Los Angeles utility commissioners want to pay homeowners in the city's disadvantaged communities to generate electricity from the sun.
Residential customers who participate in the city’s Solar Rooftops Program will receive a $30 credit each month or $360 a year in exchange for allowing the
"We are pleased to be able to offer participation in our solar programs to customers regardless of income level so they can save money on their electric bills while also being environmentally responsible," DWP General Manager David Wright said.
The Board of Water and Power Commissioners approved the project last week for rooftops that meet city requirements on 3-2 vote. The solar systems will range between 2 and 4 kilowatts of capacity for a total of up to 1 megawatt of new solar energy. A typical residential solar system has a capacity of 5 to 6 kilowatts, which would be enough to supply the average home's electricity use.
The solar rooftops program is part of the DWP’s effort to reach 400 megawatts of solar power generation in 2017 as outlined by Los Angeles Mayor
Part of the strategy is to move L.A. away from coal as a fuel source to generate electricity.
The city recently completed its Barren Ridge Renewable Transmission Project, which will bring clean energy to L.A. homes from wind and solar farms in the Tehachapi Mountains and Mojave Desert. The Barren Ridge project delivers 1,000 megawatts of solar and wind energy — enough to power 25,000 L.A. homes.
In addition, the city leads the state in rooftop solar generation with some 20,000 homes generating solar power. Environment California ranked Los Angeles No. 1 in the country for total solar capacity in 2015 with $293 million in incentives paid for solar power installations.
But low-income communities have not shared as much in the clean energy revolution as wealthier areas of the city, creating what advocates for the disadvantaged have dubbed a "solar desert."
"The Solar Rooftops Program is another step in LADWP's efforts to meet the goals of reaching 400 megawatts of solar power … in a way that involves more Angelenos across the entire city," Commission Vice President William W. Funderburk Jr. said.
The high cost of solar systems, which can run from $10,000 to $20,000 without government subsidies, has made it difficult for lower-income homeowners to afford one. And leasing programs and financing through attaching the solar cost to property taxes typically require good credit scores that some homeowners with low incomes might not have.
One DWP commissioner who voted against the pilot program questioned the cost.
"In principle, I totally support the mission," Commissioner Christina Noonan said. "The math just isn't working out for me."
The electricity from photovoltaic panels installed through the Solar Rooftops Programs will flow directly into the DWP grid rather than to the individual homes that lend their roofs to the operation. The wider distribution of solar energy production around the city will help balance out the grid and improve stability, utility officials said.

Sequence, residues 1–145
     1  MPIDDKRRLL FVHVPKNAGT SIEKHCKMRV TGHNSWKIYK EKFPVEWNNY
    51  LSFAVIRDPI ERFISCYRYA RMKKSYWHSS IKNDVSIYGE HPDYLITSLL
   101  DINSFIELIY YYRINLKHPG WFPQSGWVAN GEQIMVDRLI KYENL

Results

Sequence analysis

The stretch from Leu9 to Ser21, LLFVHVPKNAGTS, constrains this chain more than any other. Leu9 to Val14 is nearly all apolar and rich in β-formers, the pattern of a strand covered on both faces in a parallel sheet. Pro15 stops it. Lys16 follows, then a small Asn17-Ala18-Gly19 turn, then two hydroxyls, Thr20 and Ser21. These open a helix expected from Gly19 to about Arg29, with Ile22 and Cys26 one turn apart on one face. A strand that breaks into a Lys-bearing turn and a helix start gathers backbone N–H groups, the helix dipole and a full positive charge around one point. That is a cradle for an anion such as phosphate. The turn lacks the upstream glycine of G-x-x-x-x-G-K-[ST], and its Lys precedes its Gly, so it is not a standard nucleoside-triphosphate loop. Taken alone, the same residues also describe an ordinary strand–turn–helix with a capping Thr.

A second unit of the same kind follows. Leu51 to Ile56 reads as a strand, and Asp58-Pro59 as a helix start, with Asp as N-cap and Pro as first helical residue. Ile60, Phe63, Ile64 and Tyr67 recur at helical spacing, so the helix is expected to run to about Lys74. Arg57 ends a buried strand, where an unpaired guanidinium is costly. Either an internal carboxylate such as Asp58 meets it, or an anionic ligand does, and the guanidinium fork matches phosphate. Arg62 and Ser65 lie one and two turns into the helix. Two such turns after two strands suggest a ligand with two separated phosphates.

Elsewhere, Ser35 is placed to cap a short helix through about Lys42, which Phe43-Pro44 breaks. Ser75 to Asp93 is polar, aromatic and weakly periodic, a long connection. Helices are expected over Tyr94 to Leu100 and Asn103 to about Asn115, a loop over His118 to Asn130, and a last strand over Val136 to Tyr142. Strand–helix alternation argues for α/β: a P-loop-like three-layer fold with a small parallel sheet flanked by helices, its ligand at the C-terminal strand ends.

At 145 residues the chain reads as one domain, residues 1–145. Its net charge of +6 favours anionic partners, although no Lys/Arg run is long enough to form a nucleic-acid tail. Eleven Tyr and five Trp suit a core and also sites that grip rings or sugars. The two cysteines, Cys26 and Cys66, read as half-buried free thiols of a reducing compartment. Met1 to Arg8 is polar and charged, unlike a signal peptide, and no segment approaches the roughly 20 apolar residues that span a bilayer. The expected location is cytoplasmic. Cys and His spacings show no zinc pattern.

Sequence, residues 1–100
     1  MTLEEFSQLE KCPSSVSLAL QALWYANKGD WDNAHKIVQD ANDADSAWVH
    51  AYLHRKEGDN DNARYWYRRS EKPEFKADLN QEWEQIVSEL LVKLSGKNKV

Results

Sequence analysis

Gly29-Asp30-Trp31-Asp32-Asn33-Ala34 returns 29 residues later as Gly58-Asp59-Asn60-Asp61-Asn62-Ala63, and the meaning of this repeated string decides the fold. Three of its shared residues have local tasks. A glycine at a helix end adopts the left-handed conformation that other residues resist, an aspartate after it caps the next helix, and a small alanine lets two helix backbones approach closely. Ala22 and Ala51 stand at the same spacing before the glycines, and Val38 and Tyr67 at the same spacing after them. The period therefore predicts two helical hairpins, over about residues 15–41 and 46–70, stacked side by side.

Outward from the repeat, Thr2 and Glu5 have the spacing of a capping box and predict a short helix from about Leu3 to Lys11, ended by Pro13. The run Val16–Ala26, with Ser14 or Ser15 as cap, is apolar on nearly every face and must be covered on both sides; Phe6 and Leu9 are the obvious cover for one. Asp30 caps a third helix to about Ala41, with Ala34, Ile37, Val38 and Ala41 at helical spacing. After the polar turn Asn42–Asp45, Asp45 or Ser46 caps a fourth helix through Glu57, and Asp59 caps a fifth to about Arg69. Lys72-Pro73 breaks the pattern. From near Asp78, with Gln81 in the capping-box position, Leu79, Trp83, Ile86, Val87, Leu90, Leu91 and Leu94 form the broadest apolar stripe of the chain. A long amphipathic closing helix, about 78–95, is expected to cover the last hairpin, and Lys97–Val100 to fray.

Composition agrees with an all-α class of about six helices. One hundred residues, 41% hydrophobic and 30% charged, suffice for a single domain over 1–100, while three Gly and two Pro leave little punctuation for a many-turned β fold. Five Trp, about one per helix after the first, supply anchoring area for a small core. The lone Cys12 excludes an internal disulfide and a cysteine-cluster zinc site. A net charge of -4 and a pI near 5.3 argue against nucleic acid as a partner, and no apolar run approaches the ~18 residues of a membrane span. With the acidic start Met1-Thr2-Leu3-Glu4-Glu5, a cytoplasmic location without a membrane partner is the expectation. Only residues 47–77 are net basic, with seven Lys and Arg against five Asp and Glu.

The DWP's latest pilot program joins efforts across the country to make use of rooftop space by compensating the property owner while the solar system is owned by a utility or other solar developer.
"The idea is to spread some of the benefits of solar," said Jessica Goodheart, director of Repower LA, a part of the nonprofit organization Los Angeles Alliance for a New Economy. "A lot of people don't have the upfront capital to invest in solar, or they may not have the credit to participate in a long-term lease. They may just want a public option."
Goodheart's organization reviewed data about rooftop solar installations in the city over a 15-year period and found that the majority were in affluent areas such as Bel-Air, while low-income communities such as Southeast L.A. lacked solar power.
Alicia Rivera, a community organizer for Communities for a Better Environment, which advocated for the program, said the solar program is important for areas such as Wilmington, which face significant air pollution from power plants and the ports of Los Angeles and Long Beach.
"The programs would help alleviate the pollution," Rivera said. "That will be achieving some environmental justice."
The $12.9-million project, which is subject to L.A. City Council approval, includes 20-year lease payments as well as construction, administrative, operation and maintenance costs. To qualify, homes must be owner occupied, meet all DWP and Los Angeles Department of Building and Safety requirements and have suitable rooftops.
There is no upfront cost to customers or credit checks. And the DWP will be responsible for the operation and maintenance of the solar panels.
Although the program focuses on areas of low solar penetration, those selected for the program will not have to prove a particular income level.
"People don't have get their tax returns out," Goodheart said. "It will be income-targeted as opposed to income-qualified."
The city expects to launch a companion program in 2018 that will provide apartment residents with access to solar power. The project, called Shared Solar, will also operate as a pilot project, allowing renters to tap solar for a one-year trial period.
"We seeing this as beginning to create more equity," Goodheart said.
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